If you are the only person creating and testing container configurations, then you don’t really need to create any new workspace.

You can and you should continue to work in your default workspace unless:

  1. You want to work on a new tagging project, which you want to keep it separate from the latest container draft
  2. You don’t want, you or someone else accidentally publishing your incomplete work on the live website.  

When you unnecessarily create and use multiple workspaces, you can make your GTM work more complex than it needs to be.

If there are any conflicts between existing changes made to your workspace and new changes merged to your workspace, then GTM will ask you to resolve conflicts before proceeding.

Such conflicts, are not always, very easy to fix.

How to use workspaces in a multi user environment?

Ideally only one user should be setting up your GTM container configurations.

I find the whole idea of several people, working on a same container tag, quite terrifying.

Remember the phrase ‘too many cooks spoil the broth’.

If multiple users, have to work on the same GTM container, then it is important, that only one user has the right to publish the container and make all of the changes live on the website.

All other users can independently create, edit and test container configurations via workspaces, but should not be allowed to publish them on a live website.

If several people are publishing tags on a live website at or around same time, then you may have a hard time understanding who broke your website’s functionality/tracking and when.

Also any user can edit someone else workspace at any time.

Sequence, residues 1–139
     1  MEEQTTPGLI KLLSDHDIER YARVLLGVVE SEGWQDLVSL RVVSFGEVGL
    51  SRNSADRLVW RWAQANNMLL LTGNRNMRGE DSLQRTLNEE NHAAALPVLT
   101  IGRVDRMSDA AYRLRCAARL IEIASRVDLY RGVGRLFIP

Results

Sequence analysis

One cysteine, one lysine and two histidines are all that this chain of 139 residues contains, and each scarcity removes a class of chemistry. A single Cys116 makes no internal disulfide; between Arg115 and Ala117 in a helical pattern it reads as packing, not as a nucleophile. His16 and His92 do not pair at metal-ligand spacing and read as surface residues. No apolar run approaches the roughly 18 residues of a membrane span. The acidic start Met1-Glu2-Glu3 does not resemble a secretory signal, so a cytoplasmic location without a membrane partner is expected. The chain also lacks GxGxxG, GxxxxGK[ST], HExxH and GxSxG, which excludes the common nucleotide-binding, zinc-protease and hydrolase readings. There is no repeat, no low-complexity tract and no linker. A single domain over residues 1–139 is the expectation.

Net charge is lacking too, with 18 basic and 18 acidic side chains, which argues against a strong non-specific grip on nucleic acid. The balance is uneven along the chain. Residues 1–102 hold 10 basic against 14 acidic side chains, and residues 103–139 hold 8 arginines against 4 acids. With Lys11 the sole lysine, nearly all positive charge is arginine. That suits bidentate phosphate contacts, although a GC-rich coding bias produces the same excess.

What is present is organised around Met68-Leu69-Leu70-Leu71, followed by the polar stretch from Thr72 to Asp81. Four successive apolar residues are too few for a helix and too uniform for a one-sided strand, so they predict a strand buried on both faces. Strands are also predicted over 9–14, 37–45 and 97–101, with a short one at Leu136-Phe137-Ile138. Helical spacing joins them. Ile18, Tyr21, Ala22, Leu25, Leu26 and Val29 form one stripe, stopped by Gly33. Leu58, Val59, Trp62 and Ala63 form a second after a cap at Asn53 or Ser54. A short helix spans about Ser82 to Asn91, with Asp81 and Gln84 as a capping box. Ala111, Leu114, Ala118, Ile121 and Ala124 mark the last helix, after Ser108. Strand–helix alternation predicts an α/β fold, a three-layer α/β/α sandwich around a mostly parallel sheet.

The Default Workspace

Let us suppose the latest and live version of your GTM container is 1

version1

The workspace associated with the latest container version, is called the ‘Default Workspace’.

Here is how the default workspace overview section looks like:

Now if you click on the ‘MANAGE WORKSPACES’ link, you can see the list of all the workspaces created in your container.

Let us suppose that at present there is only one workspace, called the ‘default workspace’:

default workspace

So unless you create a new workspace and navigate to it, every time whenever you use GTM, you are working in the ‘Default workspace’.

The Workspace overview section of this default workspace will show the latest workspace changes you made.

For example:

workspace changes

So if later you return to your workspace, say after 2 days, then through ‘Workspace Changes’ section, you will remember the last changes you made to your workspace.

Note: The ‘workspace changes’ section show only the ‘unpublished’ changes made to your workspace.

Custom Workspace #1

Let us suppose a user name ‘John’ wants to create and test his tags.

To do that, he logs into the existing GTM account and then navigate to ‘workspace’ section of the container:

workspace

He is now in the default workspace.

But for some security reason, he is not allowed to work in the default workspace.

So he has to create and work in his own workspace.

In order to create a new workspace from within default workspace, he clicks on the ‘Manage Workspaces’ link as shown below:

manage workspaces

Now he clicks on the plus ‘+’ button in the top right corner:

plus button

Then John gives a name to his workspace: ‘John Workspace’, entered a small description of his workspace and then clicked on the ‘Save’ button:

john workspace

As soon as John clicked on the blue ‘Save’ button, a new workspace (aka container draft) is created, which is a copy of the latest Container Version.

John now see his workspace overview section.

He knows that he is editing his workspace and not default workspace because he can see in the container overview section, the following message ‘Now Editing John Workspace’: